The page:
Monterey County and its sub-appellations hold an increasingly prominent place in California’s wine history. Currently, Monterey is re-affirming itself as a world-class winemaking region for grapes like chardonnay, pinot noir and other warm-climate haters. Santa Lucia, without a doubt, is the premium growing region in Monterey, and one of the best producers there is Morgan Winery. Founded in 1982, Morgan’s quest for shocking Chardonnays and perfect Pinots has produced wines that are heads, shoulders and torso above much of the surrounding wineries. The 2004 Morgan “Metallico” Chardonnay ($16.99) is a laser of a wine, made in stainless steel, no ML, yet clean, bright, crisp fruit with superb minerality and focus. The richly dressed 2004 Morgan “Twelve Clones” Pinot Noir ($24.99) jumps out of the glass with sumptuous aromatics and rounded vanilla and cherry notes. Double L, short for Double Luck, named for the owner’s twin daughters, is an organically grown vineyard that is probably one of the best pinot/chardonnay vineyards in the Central Coast. Each effort, the 2003 Morgan “Double L” Pinot Noir ($46.99) and the 2004 Morgan “Double L” Chardonnay ($27.99), reflects the exquisite purity, power and refinement that come from meticulously cared for, pesticide-free vines planted at the right place with the right grapes. Farther south, we run into Graff Family Vineyards, the family that started it all in Monterey. What, you say? Never heard of them before? The family only co-founded Chalone! Now, the same winemaker whose deft hand makes world-class pinot noir is making wine from the old family estate. The 2003 Graff Family Chalone Pinot Blanc ($15.99) shows the classy, elegant and supple side of this lovely grape while the 2003 Graff Family Chalone Mourvèdre ($15.99) shows the softer, sexier side of this otherwise powerful, husky grape. In fact, it’s one of those rare bottles that appeals to the entire spectrum of wine appreciators, from beginners all the way up to our own store manager! I’ve seen it with my own eyes. Incredible! Take a bow, Monterey. You have superstars in your midst. Enjoy! —Martin Reyes
Spring hits us this month, and it’s about time! I’m ready for some fresh sauvignon blanc on the patio, and I’ve found just the wines! The 2004 St. Supéry Napa Sauvignon Blanc ($13.99) is a great backyard quaff. Crisp and clean on the nose with notes of tangerine and sweet chalk, the wine has a touch of Asian pear filling out the palate of bright and crisp lime peel, lemon, sweet fresh hay and a smooth lemon curd touch. Absolutely refreshing. I stole the 2004 Morgan Monterey Sauvignon Blanc ($10.99) from Martin’s article on Monterey, and I’m not sorry! Creamy in texture with exotic fruits, Mexican papaya, white peaches and apricot. It’s lifted a bit with notes of citrus and a lively acidity and finished clean and crisp. Everything you want from an everyday SB, varietally correct, easy to pair and a crowd pleaser. If you really want to wake up your palate, try the 2004 De Sante Napa Sauvignon Blanc ($16.99). Leading of with a bright figgy/grassy noted nose, this zippy and lively sauvignon blanc is absolutely mothwatering! White grapefruit, guava, fresh grass, lemon blossom and a chalky/fine mineral edge combine to perfection. I love this wine. It’s a bit like a cross between New Zealand and classic Napa. If I were Jim Barr I would give this many cat faces. The 2001 Spring Ridge Santa Cruz Mountain Chardonnay ($12.99) breaks the SB rule for this article, but this wine is a steal so I’m putting it in anyway. The rich nutty/praline nose reminds me of the Burgundian notes found in expensive Chardonnay. A palate of exotic pear and Fuji apple mingles with hazelnut, orange rind and fine minerals. Rich and opulent, but not overbearing, the oak is fully integrated and simply complements its fantastic fruit, and the acidity forms a wonderful complement to the supple textures. —Shaun Green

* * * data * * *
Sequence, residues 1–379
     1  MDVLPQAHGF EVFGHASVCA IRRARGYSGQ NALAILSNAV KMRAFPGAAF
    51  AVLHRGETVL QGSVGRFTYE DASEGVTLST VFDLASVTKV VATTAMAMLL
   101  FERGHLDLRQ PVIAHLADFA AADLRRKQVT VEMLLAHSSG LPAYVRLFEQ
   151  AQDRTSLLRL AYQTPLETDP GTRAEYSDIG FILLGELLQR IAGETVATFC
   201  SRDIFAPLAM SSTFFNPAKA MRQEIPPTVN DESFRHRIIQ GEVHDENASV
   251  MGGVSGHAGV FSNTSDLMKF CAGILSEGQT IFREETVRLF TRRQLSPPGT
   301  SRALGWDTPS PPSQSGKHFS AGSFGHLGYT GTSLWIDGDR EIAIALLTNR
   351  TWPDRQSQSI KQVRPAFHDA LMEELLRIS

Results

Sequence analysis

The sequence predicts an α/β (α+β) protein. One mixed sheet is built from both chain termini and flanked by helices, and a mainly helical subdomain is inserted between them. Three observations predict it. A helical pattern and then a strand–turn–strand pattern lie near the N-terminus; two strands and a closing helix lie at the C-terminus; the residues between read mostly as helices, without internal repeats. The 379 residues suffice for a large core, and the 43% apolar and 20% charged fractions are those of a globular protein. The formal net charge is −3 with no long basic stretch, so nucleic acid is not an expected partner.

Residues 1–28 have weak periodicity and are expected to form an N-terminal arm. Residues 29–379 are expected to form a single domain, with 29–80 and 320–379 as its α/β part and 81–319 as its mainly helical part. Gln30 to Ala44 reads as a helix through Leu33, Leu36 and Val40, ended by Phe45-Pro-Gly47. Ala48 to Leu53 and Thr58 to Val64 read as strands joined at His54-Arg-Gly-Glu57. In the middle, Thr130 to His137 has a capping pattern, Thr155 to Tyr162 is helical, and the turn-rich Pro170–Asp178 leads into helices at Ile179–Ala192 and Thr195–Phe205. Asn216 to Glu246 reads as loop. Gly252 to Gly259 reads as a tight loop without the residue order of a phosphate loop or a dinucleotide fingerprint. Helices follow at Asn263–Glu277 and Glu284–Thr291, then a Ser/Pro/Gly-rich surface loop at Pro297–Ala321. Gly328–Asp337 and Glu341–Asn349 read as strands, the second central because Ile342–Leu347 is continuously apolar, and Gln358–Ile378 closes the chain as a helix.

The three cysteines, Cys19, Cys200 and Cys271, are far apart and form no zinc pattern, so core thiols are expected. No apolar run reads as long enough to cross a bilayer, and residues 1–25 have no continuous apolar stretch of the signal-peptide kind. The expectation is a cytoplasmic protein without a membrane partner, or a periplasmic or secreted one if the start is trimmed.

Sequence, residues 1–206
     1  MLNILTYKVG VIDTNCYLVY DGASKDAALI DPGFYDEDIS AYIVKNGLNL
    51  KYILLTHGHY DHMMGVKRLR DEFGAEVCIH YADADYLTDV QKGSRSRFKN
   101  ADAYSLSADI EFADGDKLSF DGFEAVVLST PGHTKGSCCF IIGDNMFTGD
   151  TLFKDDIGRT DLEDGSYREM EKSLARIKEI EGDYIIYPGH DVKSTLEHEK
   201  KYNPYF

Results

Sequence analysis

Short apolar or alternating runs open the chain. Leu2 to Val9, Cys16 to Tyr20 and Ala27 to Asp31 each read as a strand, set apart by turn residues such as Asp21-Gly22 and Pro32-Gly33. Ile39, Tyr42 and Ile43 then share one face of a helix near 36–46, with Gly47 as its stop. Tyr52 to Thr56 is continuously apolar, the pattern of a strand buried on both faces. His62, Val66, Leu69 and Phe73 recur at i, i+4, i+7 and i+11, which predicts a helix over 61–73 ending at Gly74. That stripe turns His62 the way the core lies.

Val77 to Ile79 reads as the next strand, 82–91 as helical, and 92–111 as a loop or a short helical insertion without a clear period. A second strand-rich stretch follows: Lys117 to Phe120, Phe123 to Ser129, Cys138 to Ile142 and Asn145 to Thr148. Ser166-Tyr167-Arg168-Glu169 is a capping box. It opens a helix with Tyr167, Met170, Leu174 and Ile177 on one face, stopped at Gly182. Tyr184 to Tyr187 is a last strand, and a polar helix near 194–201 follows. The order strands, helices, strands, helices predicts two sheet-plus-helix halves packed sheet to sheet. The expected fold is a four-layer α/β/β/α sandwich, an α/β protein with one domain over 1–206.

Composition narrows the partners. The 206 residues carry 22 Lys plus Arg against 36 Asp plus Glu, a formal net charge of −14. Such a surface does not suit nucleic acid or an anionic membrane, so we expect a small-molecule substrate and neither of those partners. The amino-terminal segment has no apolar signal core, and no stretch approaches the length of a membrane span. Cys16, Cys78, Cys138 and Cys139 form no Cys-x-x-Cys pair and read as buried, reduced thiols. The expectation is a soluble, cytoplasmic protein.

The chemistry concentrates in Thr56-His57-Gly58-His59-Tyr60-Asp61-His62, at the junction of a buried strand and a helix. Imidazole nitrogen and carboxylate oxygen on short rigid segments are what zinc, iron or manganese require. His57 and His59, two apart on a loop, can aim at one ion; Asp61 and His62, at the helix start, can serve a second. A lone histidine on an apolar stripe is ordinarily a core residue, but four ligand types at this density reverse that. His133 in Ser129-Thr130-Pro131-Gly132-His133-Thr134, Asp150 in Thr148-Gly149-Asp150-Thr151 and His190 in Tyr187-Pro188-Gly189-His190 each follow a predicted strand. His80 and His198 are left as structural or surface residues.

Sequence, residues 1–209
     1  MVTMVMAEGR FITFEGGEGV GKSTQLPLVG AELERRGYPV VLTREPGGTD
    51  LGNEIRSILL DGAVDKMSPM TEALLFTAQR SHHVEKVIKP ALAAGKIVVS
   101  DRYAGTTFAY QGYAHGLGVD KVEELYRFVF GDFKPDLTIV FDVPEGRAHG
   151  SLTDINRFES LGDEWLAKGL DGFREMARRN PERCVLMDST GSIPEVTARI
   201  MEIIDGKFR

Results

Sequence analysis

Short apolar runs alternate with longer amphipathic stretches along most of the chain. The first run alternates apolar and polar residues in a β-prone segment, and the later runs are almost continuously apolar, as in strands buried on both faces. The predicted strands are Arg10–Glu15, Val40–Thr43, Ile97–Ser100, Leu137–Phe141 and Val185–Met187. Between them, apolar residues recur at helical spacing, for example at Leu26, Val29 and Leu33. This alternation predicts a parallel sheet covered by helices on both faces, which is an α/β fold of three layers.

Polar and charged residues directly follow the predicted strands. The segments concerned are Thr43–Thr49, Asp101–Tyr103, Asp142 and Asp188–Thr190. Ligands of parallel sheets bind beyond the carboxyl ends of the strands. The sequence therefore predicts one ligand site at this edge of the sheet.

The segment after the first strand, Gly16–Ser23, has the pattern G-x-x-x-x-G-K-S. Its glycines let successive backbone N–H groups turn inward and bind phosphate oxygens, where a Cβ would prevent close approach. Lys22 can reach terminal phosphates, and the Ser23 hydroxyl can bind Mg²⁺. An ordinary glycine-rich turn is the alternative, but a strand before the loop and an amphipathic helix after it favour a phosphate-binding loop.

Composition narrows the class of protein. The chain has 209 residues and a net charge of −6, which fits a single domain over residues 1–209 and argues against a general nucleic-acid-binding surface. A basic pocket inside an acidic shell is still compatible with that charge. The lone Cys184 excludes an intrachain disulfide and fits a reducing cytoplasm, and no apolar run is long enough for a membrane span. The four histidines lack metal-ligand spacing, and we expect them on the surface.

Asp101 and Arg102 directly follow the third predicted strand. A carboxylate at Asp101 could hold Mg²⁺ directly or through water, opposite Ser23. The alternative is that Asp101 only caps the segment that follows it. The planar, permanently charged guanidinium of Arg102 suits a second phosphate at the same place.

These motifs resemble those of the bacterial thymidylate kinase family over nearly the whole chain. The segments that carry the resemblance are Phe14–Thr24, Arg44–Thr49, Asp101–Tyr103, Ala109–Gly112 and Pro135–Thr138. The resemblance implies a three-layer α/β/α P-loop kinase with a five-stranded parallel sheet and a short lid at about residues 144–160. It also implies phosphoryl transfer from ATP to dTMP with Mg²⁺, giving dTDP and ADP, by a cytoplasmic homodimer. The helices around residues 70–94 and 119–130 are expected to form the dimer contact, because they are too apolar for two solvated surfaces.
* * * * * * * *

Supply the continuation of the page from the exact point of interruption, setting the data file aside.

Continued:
In January, Clyde, Elisabeth and I spent a week and a half in South Australia. With the exception of a day trip to the Clare Valley, we divided our time between the Barossa Valley and McLaren Vale. The trip offered a view of everyone from the “big boys” (Penfolds, Rosemount, Jacob’s Creek) to the smaller producers (Hewitson, Torbreck, Longwood), and quality was very high across the board. For me, it was a chance to revisit 2003, taste many of the 2004s coming on to the market, and barrel sample the much anticipated 2005 vintage. Tasting the warmer 2003 vintage confirmed what I thought from my visit in 2004, which was that the wines generally were more even and balanced in the cooler region of McLaren Vale. The 2004s showed well in the Barossa as well as McLaren Vale with the cooler vintage offering wines of good balance and a more streamlined structure. Whether it was the cool 2004s and the somewhat cool, long, even season of 2005, or a maturing of winemaking styles, the trend seemed to be showing better balance of wood and control of alcohol levels. The 2005 vintage showed what I’d been hearing from various Australian winemakers since last year. These guys experienced a perfect, long, even growing season with very good balancing acidity and fine mid-palate richness. This was certainly true of all the white wines I tasted and that are now starting to come in. The reds out of barrel were superb, and we were able to get a preview from Thorn-Clarke, Elderton, Craneford, Ross Estate, Tait, Kaesler, Hewitson and Clarendon. So, to sum it up, the 2004 and 2005 vintages will give fans of Australian wine much to look forward to whether it’s wines for current consumption or for the cellar. Here are two classic Barossa Valley Shiraz to try: 2004 Torbreck Woodcutters Red Shiraz ($17.99) and the 2004 Hewitson Ned & Henry’s Shiraz ($17.99) David Powell from Torbreck and Dean Hewitson are both making superb wines. You owe it to yourself to try these great examples of the vintage and varietal. The Woodcutter is from 10- to 15-year-old vines that are cropped at about 2.5 tons to the acre and sees larger neutral barrels. There are notes of tar, black olive, meats and blackberry with a juicy, long finish. Parker gave this 91 points. Ned & Henry’s has 9% mourvèdre added and shows ripe silky boysenberry and blackberry fruits with meats and spice. Dean uses all French barriques, very few of which are new. The wine has superb balance and length. Cheers! —Jimmy C